(Catherine, I’ve edited the post since you posted to include some links to couches I actually like. If you have time to take a look, maybe you’ll have additional thoughts? 🙂

  5. We just bought the C&B Oxford sofa, in part because our really cheap old one was hell on my back, and I am loving it so far. The depth is indeed a key factor for me, and you and I are about the same height. I also like that it’s a lot firmer than our last couch, without feeling hard. So the only question is whether it will still feel as supportive in a year or two.

    Anyway, we got it delivered within a week because we picked one of the stock fabrics (which are also the ones on sale). So if you can handle the “cafe” or “aloe,” you should be able to get them right away and pretty cheaply.

  6. My parents have a sleeper sofa, and it has NEVER been comfortable for me… I’ve been trying to figure out which couch I have… I love it, because its deep-ish without being too deep. I can curl up in it with my Giant Hips Of Doom, but at the same time actually sit on it in the rare event I have guests. I do think you can have a nice couch, even with potty training, but you will want something you can wash…kids do have other icky accidents other than potty training. Would you consider keeping the smelly one as a ‘basement’ couch?

    The ones you like are more formal than my taste seems to be, and with kids I would NOT get a cream-color. The nice thing about Pottery Barn is that they keep the designs/patterns for their slipcovers, so you can get replacement covers. I’ll see if I can find out which PB couch I have, as its comfy for laying on too.

    Here’s a link to a pic of my couch:http://i7.photobucket.com/albums/y277/CateMN/IMG_0064.jpg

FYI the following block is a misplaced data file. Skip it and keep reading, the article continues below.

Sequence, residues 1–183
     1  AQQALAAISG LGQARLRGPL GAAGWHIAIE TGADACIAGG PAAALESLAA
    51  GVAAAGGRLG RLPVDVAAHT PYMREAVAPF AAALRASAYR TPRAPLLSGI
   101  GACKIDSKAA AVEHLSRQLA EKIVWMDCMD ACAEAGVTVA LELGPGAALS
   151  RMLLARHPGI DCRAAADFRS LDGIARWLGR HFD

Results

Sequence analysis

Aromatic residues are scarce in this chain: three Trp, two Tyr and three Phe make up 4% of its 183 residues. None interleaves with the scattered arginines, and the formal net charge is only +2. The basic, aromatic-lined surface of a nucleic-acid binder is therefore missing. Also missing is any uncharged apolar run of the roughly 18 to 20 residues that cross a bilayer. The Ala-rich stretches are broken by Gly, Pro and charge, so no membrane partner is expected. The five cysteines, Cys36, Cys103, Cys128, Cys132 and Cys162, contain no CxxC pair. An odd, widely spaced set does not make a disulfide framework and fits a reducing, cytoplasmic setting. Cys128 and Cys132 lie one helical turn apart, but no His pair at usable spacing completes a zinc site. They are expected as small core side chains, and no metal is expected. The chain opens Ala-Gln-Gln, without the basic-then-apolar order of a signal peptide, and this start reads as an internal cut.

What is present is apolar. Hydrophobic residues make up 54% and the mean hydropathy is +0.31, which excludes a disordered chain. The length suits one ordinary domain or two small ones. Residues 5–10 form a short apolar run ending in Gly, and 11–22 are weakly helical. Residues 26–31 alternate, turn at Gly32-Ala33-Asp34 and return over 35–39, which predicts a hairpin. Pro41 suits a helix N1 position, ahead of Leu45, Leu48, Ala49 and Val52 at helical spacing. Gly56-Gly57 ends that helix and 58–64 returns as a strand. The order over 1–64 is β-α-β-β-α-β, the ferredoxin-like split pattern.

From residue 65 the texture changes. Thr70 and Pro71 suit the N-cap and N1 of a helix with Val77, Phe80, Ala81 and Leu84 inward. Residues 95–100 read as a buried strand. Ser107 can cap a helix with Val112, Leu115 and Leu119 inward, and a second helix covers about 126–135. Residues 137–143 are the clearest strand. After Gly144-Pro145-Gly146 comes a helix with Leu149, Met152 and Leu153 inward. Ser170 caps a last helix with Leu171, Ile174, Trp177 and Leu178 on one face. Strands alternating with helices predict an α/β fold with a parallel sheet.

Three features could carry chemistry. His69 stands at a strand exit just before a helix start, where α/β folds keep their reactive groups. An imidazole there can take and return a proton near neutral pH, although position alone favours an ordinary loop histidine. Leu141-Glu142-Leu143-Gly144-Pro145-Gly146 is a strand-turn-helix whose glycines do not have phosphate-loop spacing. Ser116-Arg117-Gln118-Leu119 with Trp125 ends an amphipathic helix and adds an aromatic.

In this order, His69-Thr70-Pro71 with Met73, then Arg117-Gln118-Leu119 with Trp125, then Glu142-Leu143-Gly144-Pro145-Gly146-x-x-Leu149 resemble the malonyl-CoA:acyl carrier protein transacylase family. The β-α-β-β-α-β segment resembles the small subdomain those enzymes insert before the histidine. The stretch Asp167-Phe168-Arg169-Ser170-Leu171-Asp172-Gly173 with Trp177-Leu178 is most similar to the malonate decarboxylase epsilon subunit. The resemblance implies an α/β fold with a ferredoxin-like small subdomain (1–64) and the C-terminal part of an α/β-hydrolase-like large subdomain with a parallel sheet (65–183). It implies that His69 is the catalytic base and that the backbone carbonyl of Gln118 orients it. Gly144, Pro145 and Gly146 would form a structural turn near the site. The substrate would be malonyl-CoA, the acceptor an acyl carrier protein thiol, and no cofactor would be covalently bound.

What about getting the stinky couch professionally cleaned and then slipcovering it for the time being?

    And you really need to try the couches out in the store, for comfort level…. I found a lot were just that bit too deep, or too high… or the arms didn’t have good padding…

    I wouldn’t get a shiny expensive couch until the kids are a little older. Maybe around 6 for Anand? Until then, I’d replace Mr Stinky with a good, solid couch. You can always recover a good, solid couch too… use it downstairs in the basement, or up in the children’s area in the new house….

  7. Mary Anne Mohanraj

    Kate, very good to know you like it! Sadly, it looks like the one you bought is too big for our space, and the Oxford twin sleeper (which might be too small anyway) isn’t in stock right now. So either that or the Oxford Apartment Sofa would take 2+ months to deliver.

    Hmm. I think I may need to go out to the mall today or tomorrow so I can sit on a bunch of sofas. We did this, several months ago, but now I can’t remember anything.

  8. Mary Anne Mohanraj

    Catherine N., your couch looks delightfully slouchy, but yes, I think I’m going for a neater, more formal look. Stinky couch is going back to Brown Elephant, from whence it came. I don’t want it anymore!

    Catherine, good points all. I wish I’d had more luck with the Craigslist hunting; that would have been ideal, I think. We’ve been fairly lucky on the marker front, I think because we let Kavi go crazy with chalk — she was allowed to draw anywhere she wanted with chalk, and that seems to have mostly gotten it out of her system. She’s pretty good about keeping (washable) markers to paper or occasionally skin. No guarantee that will work with Anand, of course. 🙂

  9. I have nothing useful to add that hasn’t already been said, but I’ll second a couple of things:

    When I was looking for sofas, almost all of the ones I saw were way too deep for my tastes. My impression was that couch makers just expect everyone to use extra pillows.